I showed the album to my father. Dad was a wealthy Boston lawyer – a conservative Republican, a capitalist, and, at the time, the President of a railroad. He looked over the album and said, “Great job here! But, gee, you know – four and a half dollars? You could probably sell this for ten, maybe fifteen dollars, don’t you think?”

I said, “Yeah, I know.”

“Would fewer people buy it if it were more expensive?” he asked.

“No,” I replied, “probably the same number would buy it.”

”Well I don’t understand, then,” he pressed on. “You could sell it for at least ten, and you’re selling it for $4.50? What’s wrong, are you against capitalism or profit or something?”

I tried to figure out how to explain to him how our approaches differed. I said, “Dad didn’t you just try a law case for Uncle Henry?”

”Yeah,” he replied, “and it was a damned tough case. I spent a lot of time in the law library.”

I asked, “Did you win the case?”

And he answered, “Yeah, I won it.”

Now, my father was a very successful attorney, and he charged fees that were commensurate with his reputation. So I continued. “Well, I bet you charged him an arm and a leg for that one.”

Dad was indignant at the suggestion. “What, are you out of your mind? That’s Uncle Henry – I couldn’t charge him.”

“Well, that’s my problem,” I said. “If you find anyone who isn’t Uncle Henry, show me, and I’ll rip them off.”

Source |Ram Dass on awaken

PONDER AND CONSIDER

Ram Dass reflects on this story:

The point I was trying to make is that when you see the Beloved all around you, everyone is family and everywhere is love. When I allow myself to really see the beauty of another being, to see the inherent beauty of soul manifesting itself, I feel the quality of love in that being’s presence. It doesn’t matter what we’re doing. We could be talking about our cats because we happen to be picking out cat food in the supermarket, or we simply could be passing each other on the sidewalk. When we are being love, we extend outward an environment that allows people to act in different, more loving and peaceful ways than they are used to behaving. Not only does it allow them to be more loving, it encourages them to be so while teaching them how to be so.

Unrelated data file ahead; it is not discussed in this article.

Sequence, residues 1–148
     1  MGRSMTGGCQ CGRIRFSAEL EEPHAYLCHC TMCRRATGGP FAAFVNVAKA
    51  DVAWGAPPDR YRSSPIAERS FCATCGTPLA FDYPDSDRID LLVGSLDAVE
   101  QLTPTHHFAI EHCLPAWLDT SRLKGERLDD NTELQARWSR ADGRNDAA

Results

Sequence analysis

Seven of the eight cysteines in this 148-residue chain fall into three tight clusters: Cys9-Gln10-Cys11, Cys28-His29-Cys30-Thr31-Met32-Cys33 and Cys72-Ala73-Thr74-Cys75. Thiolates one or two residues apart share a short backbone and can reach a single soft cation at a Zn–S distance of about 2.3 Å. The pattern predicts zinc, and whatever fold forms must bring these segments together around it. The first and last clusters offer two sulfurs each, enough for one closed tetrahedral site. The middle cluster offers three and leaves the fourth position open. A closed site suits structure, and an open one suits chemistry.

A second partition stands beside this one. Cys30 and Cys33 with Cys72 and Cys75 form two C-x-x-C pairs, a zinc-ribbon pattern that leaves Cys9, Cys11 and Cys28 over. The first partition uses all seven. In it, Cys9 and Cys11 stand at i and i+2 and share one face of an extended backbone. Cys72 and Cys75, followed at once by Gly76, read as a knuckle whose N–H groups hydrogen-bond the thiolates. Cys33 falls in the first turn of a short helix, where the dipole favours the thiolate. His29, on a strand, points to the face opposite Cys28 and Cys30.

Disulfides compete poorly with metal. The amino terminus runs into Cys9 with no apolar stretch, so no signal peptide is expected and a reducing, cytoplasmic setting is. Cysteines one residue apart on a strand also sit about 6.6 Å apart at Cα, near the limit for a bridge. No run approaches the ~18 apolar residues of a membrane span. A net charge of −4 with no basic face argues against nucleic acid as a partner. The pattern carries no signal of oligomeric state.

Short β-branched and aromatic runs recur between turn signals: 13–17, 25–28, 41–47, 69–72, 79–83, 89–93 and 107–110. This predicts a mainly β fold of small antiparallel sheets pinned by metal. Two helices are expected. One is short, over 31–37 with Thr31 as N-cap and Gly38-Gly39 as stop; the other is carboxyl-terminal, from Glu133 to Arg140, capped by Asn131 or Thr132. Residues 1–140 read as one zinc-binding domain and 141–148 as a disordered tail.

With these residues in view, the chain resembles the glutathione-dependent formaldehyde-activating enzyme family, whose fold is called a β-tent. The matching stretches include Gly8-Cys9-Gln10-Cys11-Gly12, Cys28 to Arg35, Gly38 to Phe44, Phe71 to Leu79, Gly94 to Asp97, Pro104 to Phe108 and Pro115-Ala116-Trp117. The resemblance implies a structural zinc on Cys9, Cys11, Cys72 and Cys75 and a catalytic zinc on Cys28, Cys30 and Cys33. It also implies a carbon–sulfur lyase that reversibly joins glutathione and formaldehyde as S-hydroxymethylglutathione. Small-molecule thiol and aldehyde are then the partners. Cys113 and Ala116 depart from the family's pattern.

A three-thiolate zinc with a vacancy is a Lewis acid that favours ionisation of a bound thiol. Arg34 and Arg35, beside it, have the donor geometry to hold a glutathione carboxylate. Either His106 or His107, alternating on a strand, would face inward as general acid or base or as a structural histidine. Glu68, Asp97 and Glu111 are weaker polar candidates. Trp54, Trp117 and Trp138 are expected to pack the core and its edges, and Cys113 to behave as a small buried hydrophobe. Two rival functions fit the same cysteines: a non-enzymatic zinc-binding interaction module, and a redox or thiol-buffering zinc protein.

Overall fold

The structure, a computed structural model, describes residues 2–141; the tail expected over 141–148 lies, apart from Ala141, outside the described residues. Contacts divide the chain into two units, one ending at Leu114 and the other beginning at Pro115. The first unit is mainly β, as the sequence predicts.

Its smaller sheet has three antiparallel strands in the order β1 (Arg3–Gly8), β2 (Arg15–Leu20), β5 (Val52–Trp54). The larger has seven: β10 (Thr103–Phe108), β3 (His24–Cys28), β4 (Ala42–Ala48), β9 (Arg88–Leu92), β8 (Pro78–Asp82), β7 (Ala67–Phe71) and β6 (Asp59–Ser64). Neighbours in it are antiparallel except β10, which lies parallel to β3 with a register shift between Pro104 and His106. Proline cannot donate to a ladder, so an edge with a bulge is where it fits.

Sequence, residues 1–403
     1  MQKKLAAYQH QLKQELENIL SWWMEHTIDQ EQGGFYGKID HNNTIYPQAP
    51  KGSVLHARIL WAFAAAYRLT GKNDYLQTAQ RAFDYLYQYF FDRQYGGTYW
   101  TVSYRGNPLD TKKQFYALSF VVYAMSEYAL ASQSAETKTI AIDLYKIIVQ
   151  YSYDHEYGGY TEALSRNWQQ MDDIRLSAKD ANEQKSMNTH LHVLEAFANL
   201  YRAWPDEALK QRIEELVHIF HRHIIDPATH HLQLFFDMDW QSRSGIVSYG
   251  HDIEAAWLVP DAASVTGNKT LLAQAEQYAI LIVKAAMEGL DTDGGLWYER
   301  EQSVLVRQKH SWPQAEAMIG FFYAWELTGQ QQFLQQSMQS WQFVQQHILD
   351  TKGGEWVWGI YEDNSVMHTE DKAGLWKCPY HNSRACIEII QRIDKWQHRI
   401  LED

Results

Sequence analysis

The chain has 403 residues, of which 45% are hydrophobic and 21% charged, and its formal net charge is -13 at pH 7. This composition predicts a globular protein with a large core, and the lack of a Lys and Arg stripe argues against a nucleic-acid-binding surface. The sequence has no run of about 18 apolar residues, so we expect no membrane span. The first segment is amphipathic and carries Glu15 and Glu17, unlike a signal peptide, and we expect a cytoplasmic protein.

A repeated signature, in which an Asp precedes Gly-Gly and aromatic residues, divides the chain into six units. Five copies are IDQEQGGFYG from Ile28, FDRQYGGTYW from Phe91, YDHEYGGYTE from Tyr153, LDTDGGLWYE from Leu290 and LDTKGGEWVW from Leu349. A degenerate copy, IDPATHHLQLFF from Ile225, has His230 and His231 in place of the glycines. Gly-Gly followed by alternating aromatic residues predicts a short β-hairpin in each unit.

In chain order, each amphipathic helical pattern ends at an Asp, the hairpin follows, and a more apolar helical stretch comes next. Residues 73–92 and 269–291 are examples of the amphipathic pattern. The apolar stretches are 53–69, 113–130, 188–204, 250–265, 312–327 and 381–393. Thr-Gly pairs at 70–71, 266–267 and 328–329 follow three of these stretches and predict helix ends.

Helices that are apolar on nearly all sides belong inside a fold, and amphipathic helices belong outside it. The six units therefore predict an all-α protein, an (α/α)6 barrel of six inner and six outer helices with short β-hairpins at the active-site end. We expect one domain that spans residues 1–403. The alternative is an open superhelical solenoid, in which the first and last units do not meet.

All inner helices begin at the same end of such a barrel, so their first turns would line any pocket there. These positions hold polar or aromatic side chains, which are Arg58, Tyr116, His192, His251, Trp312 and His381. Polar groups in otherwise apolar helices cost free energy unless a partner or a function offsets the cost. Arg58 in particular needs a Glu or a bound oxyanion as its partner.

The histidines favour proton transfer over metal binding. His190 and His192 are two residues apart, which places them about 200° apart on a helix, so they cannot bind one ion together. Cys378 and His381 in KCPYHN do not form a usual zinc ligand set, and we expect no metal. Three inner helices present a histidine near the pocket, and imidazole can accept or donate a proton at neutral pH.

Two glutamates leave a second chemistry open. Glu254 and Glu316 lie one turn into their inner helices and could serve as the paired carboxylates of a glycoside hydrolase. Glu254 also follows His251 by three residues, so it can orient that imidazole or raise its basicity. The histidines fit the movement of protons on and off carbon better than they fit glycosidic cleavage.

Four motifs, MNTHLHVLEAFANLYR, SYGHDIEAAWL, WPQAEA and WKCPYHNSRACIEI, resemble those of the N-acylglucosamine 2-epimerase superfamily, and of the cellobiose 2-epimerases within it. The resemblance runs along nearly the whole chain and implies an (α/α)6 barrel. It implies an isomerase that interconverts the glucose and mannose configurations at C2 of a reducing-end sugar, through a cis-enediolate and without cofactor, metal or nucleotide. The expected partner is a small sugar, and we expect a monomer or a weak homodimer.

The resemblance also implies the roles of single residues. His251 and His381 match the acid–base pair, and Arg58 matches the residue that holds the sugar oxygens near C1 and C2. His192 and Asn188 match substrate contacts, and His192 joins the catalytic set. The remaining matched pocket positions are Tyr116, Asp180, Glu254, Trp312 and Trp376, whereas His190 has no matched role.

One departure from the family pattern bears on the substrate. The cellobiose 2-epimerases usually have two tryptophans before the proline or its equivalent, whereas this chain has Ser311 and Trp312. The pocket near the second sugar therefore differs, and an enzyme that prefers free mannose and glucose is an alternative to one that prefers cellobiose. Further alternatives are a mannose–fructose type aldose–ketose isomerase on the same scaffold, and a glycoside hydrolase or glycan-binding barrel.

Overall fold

DEW DROP

As the sun rose, a dew drop became aware of its surroundings. There it sat on a leaf, catching the sunlight and throwing it back out. Proud of its simple beauty, it was very content. Around it were other dew drops, some on the same leaf and some on other leaves round about. The dew drop was sure that it was the best, the most special dew drop of them all.

Ah, it was good to be a dew drop.

The wind rose and the plant began to shake, tipping the leaf. Terror gripped the dew drop as gravity pulled it towards the edge of the leaf, towards the unknown. Why? Why was this happening? Things were comfortable. Things were safe. Why did they have to change? Why? Why?

The dew drop reached the edge of the leaf. It was terrified, certain that it would be smashed into a thousand pieces below, sure that this was the end. The day had only just begun and the end had come so quickly. It seemed so unfair. It seemed so meaningless. It tried desperately to do whatever it could to cling to the leaf, but it was no use.

Finally, it let go, surrendering to the pull of gravity. Down, down it fell. Below there seemed to be a mirror. A reflection of itself seemed to be coming up to meet the dew drop. Closer and closer they came together until finally …

And then the fear transformed into deep joy as the tiny dew drop merged with the vastness that was the pond. Now the dew drop was no more, but it was not destroyed.

It had become one with the whole.

Source | Peter Hughes

PONDER AND CONSIDER

  • What would happen if you stop clinging to your little story and allow yourself to be embraced by the larger story of which we are all a part?
  • Let your life lightly dance on the edges of Time like dew on the tip of a leaf. | Rabindranath Tagore